JOEL MCEACHERN/ PICTURING GRACE, FLORIDA AT FIRST LIGHT
This project began as a search for fresh air and distance from the polysyllables, politics and presumption that was Miami's urban planning trade. My time with the preservation research team whose work would produce Miami Beach's renowned "Art Deco" district reminded, if any were needed, of the harmful effects of growth. Our work described how once-vibrant neighborhoods first withered then simply faded away under the weight of constant change and growth.
The work reminded as well that there are many kinds of neighborhoods; wild and open places like the Everglades no less effected and changed by rapid growth.
The discipline that would became Picturing Grace began as a kind of apprenticeship with the light and place that Marjorie Stoneman Douglas would call the "River of Grass;" each visit a tutorial in the magic of first light and coursework on the natural history of the creatures that called it home.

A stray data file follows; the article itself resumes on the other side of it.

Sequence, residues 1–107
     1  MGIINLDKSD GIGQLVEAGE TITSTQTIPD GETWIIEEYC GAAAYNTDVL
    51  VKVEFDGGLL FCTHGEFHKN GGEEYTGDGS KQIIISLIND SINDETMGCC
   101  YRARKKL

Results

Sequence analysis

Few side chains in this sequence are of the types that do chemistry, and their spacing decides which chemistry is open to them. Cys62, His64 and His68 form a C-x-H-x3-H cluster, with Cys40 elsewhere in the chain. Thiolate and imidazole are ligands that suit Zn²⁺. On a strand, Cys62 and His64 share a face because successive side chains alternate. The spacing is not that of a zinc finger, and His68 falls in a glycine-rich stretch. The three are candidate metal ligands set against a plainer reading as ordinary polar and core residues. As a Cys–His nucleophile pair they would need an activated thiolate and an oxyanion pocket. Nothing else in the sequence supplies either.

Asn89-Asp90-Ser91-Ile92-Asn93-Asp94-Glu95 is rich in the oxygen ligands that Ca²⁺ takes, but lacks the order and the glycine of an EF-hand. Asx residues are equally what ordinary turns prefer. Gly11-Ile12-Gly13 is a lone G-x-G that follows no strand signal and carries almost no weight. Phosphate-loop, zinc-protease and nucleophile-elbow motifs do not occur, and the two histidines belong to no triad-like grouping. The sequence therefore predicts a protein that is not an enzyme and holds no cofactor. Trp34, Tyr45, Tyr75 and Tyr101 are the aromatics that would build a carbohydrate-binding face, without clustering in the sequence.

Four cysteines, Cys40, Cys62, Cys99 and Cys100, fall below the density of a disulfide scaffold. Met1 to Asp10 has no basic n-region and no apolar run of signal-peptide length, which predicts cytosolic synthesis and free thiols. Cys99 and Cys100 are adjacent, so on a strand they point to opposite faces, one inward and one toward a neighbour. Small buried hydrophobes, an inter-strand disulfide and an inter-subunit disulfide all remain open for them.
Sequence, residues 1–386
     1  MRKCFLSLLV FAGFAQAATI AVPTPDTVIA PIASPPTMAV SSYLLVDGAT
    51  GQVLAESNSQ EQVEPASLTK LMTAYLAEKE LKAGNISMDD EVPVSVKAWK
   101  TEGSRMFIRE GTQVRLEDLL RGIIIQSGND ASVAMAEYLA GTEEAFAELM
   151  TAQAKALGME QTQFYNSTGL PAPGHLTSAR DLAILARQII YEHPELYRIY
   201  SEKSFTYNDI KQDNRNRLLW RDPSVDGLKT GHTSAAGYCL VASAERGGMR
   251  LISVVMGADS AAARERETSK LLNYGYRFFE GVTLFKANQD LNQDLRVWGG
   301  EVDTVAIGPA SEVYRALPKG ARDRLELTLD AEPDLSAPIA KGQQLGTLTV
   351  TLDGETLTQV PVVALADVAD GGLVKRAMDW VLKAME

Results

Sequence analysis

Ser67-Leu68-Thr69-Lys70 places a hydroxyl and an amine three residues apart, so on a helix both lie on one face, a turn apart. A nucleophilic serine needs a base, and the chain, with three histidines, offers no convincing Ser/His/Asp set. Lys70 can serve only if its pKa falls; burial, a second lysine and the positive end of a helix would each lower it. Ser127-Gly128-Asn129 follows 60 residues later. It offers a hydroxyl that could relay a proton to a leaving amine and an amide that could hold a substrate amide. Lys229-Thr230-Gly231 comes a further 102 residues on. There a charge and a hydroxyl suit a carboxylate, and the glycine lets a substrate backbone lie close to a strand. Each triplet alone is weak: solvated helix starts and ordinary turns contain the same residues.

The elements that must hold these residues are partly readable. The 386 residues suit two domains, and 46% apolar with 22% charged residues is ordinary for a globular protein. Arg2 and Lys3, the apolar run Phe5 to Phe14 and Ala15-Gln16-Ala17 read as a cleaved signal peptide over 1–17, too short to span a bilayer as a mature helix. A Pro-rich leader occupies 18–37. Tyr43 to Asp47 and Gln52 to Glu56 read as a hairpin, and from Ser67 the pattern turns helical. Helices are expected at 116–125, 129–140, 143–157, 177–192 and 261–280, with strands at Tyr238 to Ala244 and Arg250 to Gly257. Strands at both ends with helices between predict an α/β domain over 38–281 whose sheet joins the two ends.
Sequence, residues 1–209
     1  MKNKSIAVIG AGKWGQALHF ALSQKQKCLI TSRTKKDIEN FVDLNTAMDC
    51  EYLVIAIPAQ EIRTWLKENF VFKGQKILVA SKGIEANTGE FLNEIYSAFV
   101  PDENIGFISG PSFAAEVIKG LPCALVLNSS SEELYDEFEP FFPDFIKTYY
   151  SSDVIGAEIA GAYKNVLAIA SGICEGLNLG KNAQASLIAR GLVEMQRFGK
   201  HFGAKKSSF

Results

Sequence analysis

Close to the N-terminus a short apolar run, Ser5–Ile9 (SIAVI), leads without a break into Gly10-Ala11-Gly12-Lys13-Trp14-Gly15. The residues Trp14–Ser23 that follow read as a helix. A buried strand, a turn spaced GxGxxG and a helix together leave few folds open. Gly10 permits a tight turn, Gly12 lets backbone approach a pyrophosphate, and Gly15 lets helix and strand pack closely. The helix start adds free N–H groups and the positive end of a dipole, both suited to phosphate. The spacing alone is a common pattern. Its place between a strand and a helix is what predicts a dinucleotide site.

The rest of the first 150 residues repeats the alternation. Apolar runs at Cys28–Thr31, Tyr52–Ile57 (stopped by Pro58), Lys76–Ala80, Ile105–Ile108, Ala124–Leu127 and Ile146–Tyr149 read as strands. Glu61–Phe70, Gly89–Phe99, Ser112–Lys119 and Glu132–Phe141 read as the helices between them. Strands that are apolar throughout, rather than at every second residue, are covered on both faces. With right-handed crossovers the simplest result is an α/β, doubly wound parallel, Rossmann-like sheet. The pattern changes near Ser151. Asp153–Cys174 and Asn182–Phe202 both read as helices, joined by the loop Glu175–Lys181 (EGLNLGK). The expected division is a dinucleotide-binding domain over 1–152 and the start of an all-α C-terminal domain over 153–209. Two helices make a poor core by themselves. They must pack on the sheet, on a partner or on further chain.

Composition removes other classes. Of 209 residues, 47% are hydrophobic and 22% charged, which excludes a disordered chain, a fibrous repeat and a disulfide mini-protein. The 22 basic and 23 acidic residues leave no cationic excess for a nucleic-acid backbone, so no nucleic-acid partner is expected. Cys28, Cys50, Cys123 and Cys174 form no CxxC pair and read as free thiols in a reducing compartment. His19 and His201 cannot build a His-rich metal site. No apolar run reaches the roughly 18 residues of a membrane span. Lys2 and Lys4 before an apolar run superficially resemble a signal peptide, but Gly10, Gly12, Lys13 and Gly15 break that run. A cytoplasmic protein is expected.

That apprenticeship continues today in the state's central and northern reaches; places where trees as old and as majestic as California's mighty sequoia once graced the streams and ponds of this land. Remnants of these trees are still being found in the bottoms of area streams where logs were floated to market.
Above all things, Picturing Grace, Florida at First Light is a study in time and place; places where ancient creatures once grazed the wetlands, nomadic indians once watched the landings of wooden ships and big cats still roam the night woods in search of food for their young.
Simply, it is work that always reminds that polysyllables, politics and presumption are just a headline or building permit away.